February 8, 2023
Three-year collaboration between UC Davis and Yale connects disability and chronic illness
Adapted from original article by Jeffrey A Day, February 08, 2023
An American studies professor in the UC Davis College of Letters and Science has received a $1.5 million award from the Mellon Foundation for a project to explore the intersection of research on disability and chronic illness. The three-year project in partnership with Yale University aims to develop a national network of scholars, culture workers and organizers who will bring disability justice approaches to the study of chronic illness.
“Enduring Conditions: A Disability, Illness, and Care Collaboratory” is being led by Associate Professor Ryan Lee Cartwright in conjunction with Kalindi Vora, a professor at Yale University and former director of the UC Davis Feminist Research Institute.
Bringing together disabilities and chronic illnesses has been complex.
“Many people with disabilities are not chronically ill and don’t like to be thought of as ill — and vice versa,” Cartwright said. “But we’re learning more and more about chronic and acute illness and how it intersects with disabilities. COVID has become a mass disabling event, and those with long COVID have learned a great deal from those with disabilities. Likewise, the Disability Rights Movement of the 1970s came out of the mid-century polio epidemic, another mass disabling event. As we are witnessing fundamental social and economic transformations wrought by COVID, bringing disability studies and disability justice to bear on the study of chronic illness has become increasingly urgent. It’s an important moment to have these conversations.”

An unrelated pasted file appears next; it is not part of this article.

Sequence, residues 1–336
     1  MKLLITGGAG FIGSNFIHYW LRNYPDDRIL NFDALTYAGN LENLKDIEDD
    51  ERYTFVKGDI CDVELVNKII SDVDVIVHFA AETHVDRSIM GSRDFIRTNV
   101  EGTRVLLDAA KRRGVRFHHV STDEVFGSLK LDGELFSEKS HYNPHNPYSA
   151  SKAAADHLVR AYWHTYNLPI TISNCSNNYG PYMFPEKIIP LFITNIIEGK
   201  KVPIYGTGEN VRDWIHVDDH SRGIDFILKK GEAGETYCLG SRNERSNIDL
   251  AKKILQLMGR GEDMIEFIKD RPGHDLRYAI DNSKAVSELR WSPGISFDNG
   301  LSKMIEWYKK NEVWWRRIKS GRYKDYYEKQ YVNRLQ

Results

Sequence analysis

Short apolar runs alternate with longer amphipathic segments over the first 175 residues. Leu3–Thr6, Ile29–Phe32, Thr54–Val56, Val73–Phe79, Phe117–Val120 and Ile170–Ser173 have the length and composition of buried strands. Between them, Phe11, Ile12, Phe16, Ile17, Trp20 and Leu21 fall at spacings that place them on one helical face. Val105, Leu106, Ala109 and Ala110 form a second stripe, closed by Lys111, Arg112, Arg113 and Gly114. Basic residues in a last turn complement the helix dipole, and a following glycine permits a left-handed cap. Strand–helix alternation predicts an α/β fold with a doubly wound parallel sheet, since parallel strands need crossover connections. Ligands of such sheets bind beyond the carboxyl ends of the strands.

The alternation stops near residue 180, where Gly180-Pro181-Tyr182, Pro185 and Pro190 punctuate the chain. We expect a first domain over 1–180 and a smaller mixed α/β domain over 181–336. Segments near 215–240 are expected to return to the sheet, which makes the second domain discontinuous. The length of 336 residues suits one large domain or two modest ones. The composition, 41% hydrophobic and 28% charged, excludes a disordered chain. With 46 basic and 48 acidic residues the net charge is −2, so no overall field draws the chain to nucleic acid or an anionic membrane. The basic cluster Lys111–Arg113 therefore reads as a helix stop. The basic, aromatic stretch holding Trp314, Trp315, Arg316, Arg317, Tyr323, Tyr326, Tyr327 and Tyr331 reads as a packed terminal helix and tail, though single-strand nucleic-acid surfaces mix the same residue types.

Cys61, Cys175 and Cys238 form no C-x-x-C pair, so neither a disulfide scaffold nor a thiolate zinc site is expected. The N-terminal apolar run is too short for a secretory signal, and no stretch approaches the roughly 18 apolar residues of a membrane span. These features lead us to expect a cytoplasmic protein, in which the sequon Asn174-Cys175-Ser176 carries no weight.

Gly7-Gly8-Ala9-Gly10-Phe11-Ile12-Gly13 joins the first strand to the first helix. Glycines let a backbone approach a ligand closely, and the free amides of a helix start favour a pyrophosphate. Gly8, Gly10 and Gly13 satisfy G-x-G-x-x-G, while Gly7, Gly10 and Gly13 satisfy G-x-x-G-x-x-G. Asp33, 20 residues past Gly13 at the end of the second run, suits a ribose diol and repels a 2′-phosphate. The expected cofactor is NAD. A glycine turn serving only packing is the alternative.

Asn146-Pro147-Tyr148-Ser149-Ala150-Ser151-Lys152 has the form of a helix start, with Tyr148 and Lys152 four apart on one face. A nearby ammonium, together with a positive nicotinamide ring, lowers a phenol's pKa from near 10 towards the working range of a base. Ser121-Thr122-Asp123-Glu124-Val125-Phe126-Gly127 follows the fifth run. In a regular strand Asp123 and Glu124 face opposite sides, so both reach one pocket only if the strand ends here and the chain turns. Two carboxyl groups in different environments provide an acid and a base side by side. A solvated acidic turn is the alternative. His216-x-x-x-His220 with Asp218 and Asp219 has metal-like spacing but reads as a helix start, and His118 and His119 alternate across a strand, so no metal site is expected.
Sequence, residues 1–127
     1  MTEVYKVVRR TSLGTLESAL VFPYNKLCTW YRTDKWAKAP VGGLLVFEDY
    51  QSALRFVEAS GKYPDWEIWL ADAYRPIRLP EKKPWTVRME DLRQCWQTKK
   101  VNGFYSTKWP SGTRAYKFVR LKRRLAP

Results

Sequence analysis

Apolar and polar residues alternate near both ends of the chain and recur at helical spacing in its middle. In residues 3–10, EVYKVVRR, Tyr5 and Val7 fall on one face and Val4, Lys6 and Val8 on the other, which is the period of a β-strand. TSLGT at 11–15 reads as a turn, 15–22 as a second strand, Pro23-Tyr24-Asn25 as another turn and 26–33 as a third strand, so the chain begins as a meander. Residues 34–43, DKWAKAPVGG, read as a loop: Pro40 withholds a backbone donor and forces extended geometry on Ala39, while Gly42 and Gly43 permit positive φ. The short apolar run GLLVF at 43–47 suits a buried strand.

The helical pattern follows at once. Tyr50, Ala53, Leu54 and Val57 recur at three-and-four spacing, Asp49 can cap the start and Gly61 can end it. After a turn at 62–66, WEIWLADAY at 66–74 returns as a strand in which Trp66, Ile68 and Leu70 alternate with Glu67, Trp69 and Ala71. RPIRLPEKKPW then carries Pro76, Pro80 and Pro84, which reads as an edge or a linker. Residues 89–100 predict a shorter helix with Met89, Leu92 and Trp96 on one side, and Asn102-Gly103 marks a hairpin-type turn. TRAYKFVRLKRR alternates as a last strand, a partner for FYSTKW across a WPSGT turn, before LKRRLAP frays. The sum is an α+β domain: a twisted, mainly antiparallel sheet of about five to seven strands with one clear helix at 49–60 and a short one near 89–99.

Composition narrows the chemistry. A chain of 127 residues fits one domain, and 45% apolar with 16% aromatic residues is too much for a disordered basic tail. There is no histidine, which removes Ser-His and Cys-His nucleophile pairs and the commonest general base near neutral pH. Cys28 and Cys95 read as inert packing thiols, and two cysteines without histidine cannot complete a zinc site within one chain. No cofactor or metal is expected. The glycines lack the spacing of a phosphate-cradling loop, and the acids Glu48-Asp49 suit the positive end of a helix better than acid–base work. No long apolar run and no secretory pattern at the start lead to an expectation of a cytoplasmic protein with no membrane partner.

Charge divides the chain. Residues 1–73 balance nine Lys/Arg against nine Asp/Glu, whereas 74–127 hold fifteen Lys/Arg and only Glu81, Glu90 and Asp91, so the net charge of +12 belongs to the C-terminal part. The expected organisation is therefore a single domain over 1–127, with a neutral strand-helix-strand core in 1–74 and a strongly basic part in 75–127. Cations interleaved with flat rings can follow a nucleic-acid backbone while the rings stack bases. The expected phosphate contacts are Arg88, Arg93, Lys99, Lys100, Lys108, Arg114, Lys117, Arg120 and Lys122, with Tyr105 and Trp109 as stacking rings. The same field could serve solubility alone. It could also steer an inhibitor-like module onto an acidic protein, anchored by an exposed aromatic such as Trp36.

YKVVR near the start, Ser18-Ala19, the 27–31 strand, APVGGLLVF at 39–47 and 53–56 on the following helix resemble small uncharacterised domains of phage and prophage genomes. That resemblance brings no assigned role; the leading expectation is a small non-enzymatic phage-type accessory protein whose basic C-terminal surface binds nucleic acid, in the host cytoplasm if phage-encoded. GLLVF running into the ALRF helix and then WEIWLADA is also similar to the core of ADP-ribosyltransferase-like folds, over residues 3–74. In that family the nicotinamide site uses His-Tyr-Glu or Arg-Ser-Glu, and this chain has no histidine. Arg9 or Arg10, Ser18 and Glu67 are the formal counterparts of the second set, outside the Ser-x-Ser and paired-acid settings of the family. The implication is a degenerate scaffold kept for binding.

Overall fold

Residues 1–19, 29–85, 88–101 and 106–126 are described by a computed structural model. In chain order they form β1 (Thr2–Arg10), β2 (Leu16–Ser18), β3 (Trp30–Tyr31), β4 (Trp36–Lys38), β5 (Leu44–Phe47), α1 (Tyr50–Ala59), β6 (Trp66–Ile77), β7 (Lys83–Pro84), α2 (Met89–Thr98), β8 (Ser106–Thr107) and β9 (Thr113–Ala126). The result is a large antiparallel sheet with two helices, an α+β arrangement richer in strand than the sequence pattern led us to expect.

The project could involve several College of Letters and Science departments, other UC Davis colleges and centers, as well as community organizations and individuals. The Department of American Studies has another connection to the Mellon awards: UC Davis alumna Emily Beitiks (B.A., American studies, ’05) is interim director of The Longmore Institute on Disability at San Francisco State University, which received $1 million as part of the same grant cycle.
In collaboration with colleagues in Foundation Engagement, members of the Interdisciplinary Research Support (IRS) team helped Dr. Cartwright navigate the proposal preparation and submission process, including budget development, multi-campus integration, interpreting sponsor and university guidelines, and obtaining institutional commitments for the project. IRS Director Sheryl Soucy-Lubell notes, “By assisting Dr. Cartwright on this project, I became much more aware of the unique circumstances faced by individuals with disabilities in their research and scholarly pursuits. That awareness now carries over into my daily interactions with all of my clients. I am so glad I had this opportunity to work with and learn from Dr. Cartwright.”